Language Selection

English French German Italian Portuguese Spanish

What Does GPL3 Mean for the Enterprise?

Filed under
OSS

The discussion and debate over the wording of GPL3 has crept into the mainstream tech news, which is a bit surprising. After all, it's just a software license. There are hundreds of software licenses, and in my opinion the ones that should be making the news and generating outrage are the standard EULAs (End-User License Agreements) that infest commercial, closed-sourced software. These EULAs disclaim all responsibility, restrict customer's rights beyond what the law permits, and are often packaged in ways that makes them difficult to find, let alone read or "agree" to. But unlike the closed-source proprietary world, the free and open source software community conducts its business in public. Often noisily, or as I like to say "we will end no whine before its time."

GPL2

The General Public License, more frequently referred to by its acronym, GPL, has been around for almost two decades. It's remarkable for its simplicity and effectiveness. I give it credit for the abundance, quality and success of free software. (That's, free as in freedom.) And so we have a huge body of excellent community-developed code; thousands of excellent servers, databases, applications, utilities, and hardware drivers, and hundreds of Linux distributions suitable for every occasion, from tiny embedded devices to mondo mainframes.

More Here.



More in Tux Machines

Leftovers: Gaming

Open Source Software: 10 Go To Solution for Small Businesses

While closed-source operating systems such as Windows and Mac OS may still dominate the OS market, not everyone can afford the high costs that they entail. For small- and medium-sized enterprises where every penny matters, taking advantage of open-source software such as Ubuntu’s Linux is a good bet to boost productivity and cost effectiveness. The fact that open-source softwares have evolved to become somewhat user-friendly and sleek also helps a good deal. Read more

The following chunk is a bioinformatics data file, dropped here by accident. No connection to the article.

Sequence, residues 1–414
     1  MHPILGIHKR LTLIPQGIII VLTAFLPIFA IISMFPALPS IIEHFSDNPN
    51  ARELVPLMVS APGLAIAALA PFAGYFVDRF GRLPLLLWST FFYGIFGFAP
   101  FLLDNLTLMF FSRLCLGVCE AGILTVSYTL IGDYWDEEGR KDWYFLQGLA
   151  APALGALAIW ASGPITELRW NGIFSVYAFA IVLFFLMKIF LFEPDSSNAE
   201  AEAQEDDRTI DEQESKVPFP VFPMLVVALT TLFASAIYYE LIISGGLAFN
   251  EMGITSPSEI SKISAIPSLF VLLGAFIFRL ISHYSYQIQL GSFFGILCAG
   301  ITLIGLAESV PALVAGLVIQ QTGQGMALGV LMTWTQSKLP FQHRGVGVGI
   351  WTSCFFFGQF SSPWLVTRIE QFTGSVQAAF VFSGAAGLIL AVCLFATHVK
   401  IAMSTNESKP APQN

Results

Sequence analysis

Linux 4.11-rc8

So originally I was just planning on releasing the final 4.11 today, but while we didn't have a *lot* of changes the last week, we had a couple of really annoying ones, so I'm doing another rc release instead. I did get fixes for the issues that popped up, so I could have released 4.11 as-is, but it just doesn't feel right. It's not like another week of letting this release mature will really hurt. The most noticeable of the issues is that we've quirked off some NVMe power management that apparently causes problems on some machines. It's not entirely clear what caused the issue (it wasn't just limited to some NVMe hardware, but also particular platforms), but let's test it. Read more Also: Linux 4.11 delayed for a week by NVMe glitches and 'oops fixes' Linux 4.11 Pushed Back: 4.11-rc8 Released

Themes for Ubuntu

  • Flattiance is a Flat Fork of Ubuntu’s Ambiance Theme
    Flattiance is pitched as a “semi-flat fork” of the Ubuntu Ambiance theme. You know, the one that ships out of the box and by default. On the whole Flattiance keeps to the same color palette, with dark browns and orange accents, but it ditches the gradient in app headers in favour of a solid block.
  • A quick look at some essential GNOME Shell tweaks and extensions
    Now that Ubuntu is moving to GNOME Shell, many people will get a bit of a shock at how different the workflow is from Unity to Shell. Here’s a quick look at some essentials to get you going.